Pants on Fire!

  Someone in the publicity department at the International Monetary Fund is looking for a new job today. Or so we surmise from this tweet our own Jim Rickards put out yesterday…

Jim sat in on the IMF sessions last week in Washington. As we mentioned on Wednesday, the IMF issued its semiannual World Economic Outlook, warning the Federal Reserve will set off a “cascade of disruptive adjustments” whenever it starts to raise the fed funds rate.
Later in the week came another IMF document. This one’s called the Global Financial Stability Report.
  The current edition warns that high-powered investors are borrowing too much money to buy U.S. stocks: “Margin debt as a percentage of market capitalization remains higher than it was during the late-1990s stock market bubble. The increasing use of margin debt is occurring in an environment of declining liquidity.
“Lower market liquidity and higher market leverage in the U.S. system,” it adds, “increase the risk of minor shocks being propagated and amplified into sharp price corrections.”
Here too the Federal Reserve is making matters worse. If it starts raising the fed funds rate at an inopportune moment, borrowing costs could spike suddenly… and liquidity could dry up faster than a puddle in the desert sun.
Or in the words of the report, “A sudden shift in market views that unwinds compressed premiums and sends yields higher could trigger a market liquidity shock.”
  But that’s how it goes during a currency war — central banks act unpredictably, with market shocks as the consequence.
As a reminder, Jim Rickards believes we’re now in our third currency war in the last century…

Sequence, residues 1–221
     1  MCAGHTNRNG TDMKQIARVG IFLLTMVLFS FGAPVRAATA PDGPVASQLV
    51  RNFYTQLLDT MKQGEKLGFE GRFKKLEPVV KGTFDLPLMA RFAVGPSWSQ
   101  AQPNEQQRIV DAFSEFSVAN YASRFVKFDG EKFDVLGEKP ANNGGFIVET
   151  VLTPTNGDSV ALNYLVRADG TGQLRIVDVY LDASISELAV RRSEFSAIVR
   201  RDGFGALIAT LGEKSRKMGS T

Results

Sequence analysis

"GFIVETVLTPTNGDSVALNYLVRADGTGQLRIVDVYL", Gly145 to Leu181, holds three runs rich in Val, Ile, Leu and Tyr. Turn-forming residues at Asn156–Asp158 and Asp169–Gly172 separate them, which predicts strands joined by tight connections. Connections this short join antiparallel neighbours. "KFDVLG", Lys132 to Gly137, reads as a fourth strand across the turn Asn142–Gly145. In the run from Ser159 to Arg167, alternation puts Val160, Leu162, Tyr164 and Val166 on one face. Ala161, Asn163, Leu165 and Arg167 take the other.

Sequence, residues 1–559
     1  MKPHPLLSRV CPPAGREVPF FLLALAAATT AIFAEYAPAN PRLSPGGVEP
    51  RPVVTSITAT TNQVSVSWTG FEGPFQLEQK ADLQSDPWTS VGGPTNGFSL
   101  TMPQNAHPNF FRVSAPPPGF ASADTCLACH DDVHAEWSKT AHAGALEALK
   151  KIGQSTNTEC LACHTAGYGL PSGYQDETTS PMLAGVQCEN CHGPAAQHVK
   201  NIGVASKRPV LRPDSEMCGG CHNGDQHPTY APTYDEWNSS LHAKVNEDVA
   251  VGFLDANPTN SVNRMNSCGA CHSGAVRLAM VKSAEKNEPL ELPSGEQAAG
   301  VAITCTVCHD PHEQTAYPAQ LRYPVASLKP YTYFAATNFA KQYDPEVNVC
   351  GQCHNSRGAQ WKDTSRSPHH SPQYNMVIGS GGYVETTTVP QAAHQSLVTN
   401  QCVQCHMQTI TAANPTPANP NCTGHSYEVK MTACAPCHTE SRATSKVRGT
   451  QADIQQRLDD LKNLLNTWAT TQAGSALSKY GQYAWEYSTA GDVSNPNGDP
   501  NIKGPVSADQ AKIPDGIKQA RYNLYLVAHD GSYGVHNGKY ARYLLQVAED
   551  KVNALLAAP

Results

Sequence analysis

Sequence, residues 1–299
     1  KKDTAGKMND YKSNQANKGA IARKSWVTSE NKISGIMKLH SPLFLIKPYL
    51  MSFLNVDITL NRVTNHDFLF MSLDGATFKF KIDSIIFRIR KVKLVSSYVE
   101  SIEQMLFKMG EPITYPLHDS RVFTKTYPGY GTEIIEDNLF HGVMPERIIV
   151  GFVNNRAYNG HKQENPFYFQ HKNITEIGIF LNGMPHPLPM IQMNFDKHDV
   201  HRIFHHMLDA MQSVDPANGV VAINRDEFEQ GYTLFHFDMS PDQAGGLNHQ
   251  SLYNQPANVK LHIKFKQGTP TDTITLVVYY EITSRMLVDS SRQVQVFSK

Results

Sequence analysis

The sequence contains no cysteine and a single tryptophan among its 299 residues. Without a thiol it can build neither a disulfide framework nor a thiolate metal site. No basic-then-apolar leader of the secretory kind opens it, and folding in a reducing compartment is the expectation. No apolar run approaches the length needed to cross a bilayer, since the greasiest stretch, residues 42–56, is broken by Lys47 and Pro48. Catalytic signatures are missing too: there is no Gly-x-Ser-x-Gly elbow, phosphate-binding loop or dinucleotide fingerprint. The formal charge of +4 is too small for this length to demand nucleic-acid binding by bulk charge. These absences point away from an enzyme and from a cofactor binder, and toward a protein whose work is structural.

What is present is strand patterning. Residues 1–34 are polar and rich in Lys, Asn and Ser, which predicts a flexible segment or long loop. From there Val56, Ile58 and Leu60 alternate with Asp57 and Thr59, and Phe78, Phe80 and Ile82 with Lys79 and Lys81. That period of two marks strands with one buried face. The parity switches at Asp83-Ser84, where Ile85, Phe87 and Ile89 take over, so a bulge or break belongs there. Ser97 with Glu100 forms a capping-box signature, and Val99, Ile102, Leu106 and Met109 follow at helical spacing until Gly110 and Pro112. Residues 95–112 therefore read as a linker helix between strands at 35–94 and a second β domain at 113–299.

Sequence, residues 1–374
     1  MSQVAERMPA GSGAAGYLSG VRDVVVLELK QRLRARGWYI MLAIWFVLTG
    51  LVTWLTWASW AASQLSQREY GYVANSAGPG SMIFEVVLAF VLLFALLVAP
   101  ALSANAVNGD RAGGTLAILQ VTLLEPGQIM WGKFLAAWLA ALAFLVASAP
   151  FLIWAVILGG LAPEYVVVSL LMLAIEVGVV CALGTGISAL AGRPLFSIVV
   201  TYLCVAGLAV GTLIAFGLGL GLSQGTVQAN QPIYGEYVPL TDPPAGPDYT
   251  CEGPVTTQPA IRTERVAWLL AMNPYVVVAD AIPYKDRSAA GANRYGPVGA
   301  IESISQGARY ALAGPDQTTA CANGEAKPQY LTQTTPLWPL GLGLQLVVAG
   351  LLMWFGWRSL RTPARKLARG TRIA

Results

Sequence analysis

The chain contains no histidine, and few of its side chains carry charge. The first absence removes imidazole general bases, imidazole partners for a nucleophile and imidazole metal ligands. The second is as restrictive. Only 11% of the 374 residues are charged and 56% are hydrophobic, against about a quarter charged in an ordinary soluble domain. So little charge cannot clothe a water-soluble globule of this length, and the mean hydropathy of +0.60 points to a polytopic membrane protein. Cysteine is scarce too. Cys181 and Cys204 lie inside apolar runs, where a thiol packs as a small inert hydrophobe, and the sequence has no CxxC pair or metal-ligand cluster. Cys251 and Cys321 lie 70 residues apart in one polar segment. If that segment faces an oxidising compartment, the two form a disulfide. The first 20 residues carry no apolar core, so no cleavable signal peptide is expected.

Currency War I (1921-1936): It begins with Germany’s epic devaluation of the mark. Soon, everyone is devaluing. By 1933, FDR devalued the dollar against gold, from $20.67 an ounce to $35. The war ends in 1936 with a three-way truce between the United States, Britain and France. Alas, Germany was not a party to the agreement, and a shooting war was underway by 1939.
Currency War II (1967-1987): It begins with Great Britain devaluing the pound against the dollar. Soon the dollar is under pressure, and in 1971, Nixon cuts the dollar’s last tie to gold — sending the greenback on a roller coaster ride for the next 16 years. The Plaza Accord of 1985 and the Louvre Accord of 1987 lead to a new equilibrium.
Currency War III (2010-present): It begins with President Obama announcing plans to double U.S. exports in five years. The only way to make that happen is to cheapen the currency. Months later, Brazil’s finance minister declares, “We’re in the midst of an international currency war, a general weakening of currency.”

Early during Currency War III, the dollar was weakening. By mid-2011, even the official U.S. inflation rate was pushing 4%. More recently, inflation has been falling, and it’s the turn of other currencies like the euro and the yen to weaken. That’s how it goes in a currency war — seemingly unpredictable ups and downs.